Cognitive Function

If you're tired or drunk, you're not at your best. Your reactions are slower, you may make stupid mistakes, or forget things. If you have to drive, use a power saw, or remember to turn off the stove, this may cause serious problems. This site describes the research methods used to assess such functions as attention, speed and accuracy of performance, memory and problem solving, and presents some of the results from this research

Brian Tiplady has been involved in testing cognitive function for over 20 years, as a pharmaceutical industry scientist, academic researcher, test developer, and research consultant. He has been a pioneer in the development of tests for portable platforms, authoring  the first published report of the use of a PDA for performance testing in 1994, and the first published account of the use of mobile phones for performance testing in 2004.

Tests are available in two main formats, mobile phones, and tablet computers running the Android operating system. Mobile phone systems are generally developed on a custom basis for specific projects. A general-purpose tablet  system will be available shortly with a core set of tests corresponding to those available on the phone

If you are interested in how different drugs affect performance, have a look at:

Drugs and Behaviour Effects of Alcohol

If you are interested in tests for specific platforms, try:

Tablet Computer Mobile Phone Personal Computer Digital Pen

For more on cognitive testing methodology, read on!

Impairment to Cognitive Function

Cognitive Testing

Test Administration

Test Development

Impairment to Cognitive Function

Driving is the activity that causes most concern. We all know about the effects of alcohol on driving, but other drugs, both legal and illegal can impair driving. And the Selby rail disaster in 2001 reminded us all of the dangers of driving without enough sleep.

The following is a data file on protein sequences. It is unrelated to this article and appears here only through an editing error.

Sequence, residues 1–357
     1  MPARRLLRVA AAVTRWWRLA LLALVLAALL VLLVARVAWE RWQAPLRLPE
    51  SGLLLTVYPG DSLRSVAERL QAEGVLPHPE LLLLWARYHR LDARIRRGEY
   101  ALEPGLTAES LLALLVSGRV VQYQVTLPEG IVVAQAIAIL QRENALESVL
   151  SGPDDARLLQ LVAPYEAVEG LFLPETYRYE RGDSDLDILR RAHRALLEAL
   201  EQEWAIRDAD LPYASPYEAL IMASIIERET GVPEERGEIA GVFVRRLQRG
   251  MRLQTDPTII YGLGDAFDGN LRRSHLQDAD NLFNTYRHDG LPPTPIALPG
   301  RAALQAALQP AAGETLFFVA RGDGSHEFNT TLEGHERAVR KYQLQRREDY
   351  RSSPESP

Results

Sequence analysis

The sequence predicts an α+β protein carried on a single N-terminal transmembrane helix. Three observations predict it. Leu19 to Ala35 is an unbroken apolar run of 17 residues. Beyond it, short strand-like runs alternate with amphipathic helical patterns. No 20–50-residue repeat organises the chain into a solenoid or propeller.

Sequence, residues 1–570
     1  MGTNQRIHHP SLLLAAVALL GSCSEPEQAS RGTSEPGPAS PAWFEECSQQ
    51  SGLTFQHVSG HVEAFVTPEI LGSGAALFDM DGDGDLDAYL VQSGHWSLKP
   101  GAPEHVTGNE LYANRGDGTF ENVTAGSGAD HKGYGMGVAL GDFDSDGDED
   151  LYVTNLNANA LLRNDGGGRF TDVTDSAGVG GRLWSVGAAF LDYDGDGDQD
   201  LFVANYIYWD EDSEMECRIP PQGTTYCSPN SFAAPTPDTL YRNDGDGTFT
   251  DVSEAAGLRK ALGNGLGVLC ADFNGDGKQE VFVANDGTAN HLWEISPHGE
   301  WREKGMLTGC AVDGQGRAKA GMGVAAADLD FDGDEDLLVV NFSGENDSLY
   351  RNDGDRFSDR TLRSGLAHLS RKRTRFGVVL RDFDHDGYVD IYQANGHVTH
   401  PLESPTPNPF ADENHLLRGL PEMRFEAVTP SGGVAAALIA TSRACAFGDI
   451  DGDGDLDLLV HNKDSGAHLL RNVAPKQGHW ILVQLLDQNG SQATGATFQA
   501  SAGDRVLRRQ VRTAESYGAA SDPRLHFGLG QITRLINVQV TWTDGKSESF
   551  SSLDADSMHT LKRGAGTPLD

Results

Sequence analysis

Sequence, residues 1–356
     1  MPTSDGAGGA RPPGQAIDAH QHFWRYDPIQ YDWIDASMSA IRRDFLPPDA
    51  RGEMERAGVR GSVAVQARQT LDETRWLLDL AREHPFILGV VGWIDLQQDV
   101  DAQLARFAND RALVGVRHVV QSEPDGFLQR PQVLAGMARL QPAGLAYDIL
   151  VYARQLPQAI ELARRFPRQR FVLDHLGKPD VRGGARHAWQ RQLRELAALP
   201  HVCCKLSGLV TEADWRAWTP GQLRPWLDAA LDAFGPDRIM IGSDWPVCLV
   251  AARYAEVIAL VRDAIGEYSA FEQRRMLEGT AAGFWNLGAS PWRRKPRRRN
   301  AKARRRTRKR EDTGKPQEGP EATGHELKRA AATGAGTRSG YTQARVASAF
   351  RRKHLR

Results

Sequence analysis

Many prescription drugs affect cognitive function. Some of these are drugs whose main actions are on the brain, for example sleeping pills and antidepressants. Sleeping pills obviously are sedative - they are designed to make you sleepy. Problems come with hangover effects, when you're still sedated the morning after. Diazepam (Valium), one of the early benzodiazepines, has a half-life of around 48 hours - so you still have nearly as much of the drug in your bloodstream when you wake up as you did when you went to sleep. One of the key goals in research on newer benzodiazepines such as temazepam and triazolam was to show that they didn't cause cognitive impairment the morning after.

Benzodiazepines are also used to treat anxiety, and the potential problems with sedation are greater, as in this case drugs are taken during the day. Benzodiazepines taken during the day, like alcohol, have been shown to increase the risk of traffic accidents. With newer drugs, it has been possible to separate the anxiolytic (anti-anxiety) effects at least partially from the sedative effects. Again, a great deal of research has been carried out to document the greater safety of the newer drugs.

Then there are drugs which are not intended to affect the brain at all, but they do. Examples are antihistamines, used to treat allergies such as hay fever. The older drugs all cause substantial sedation, and if you've taken these you will have seen a warning on the packet about driving or using machinery. As with the anti-anxiety drugs, newer drugs are a great improvement - and a lot of research on cognitive function has gone into showing this.

Illicit drugs are generally harder to study than legal ones, but they are widely used, and clearly pose a risk for driving. Cannabis is a major concern, partly because it is widely seen as a relatively harmless drug. However there is now good evidence both from the lab and from the accident statistics to indicate that it not safe to drive with cannabis on board.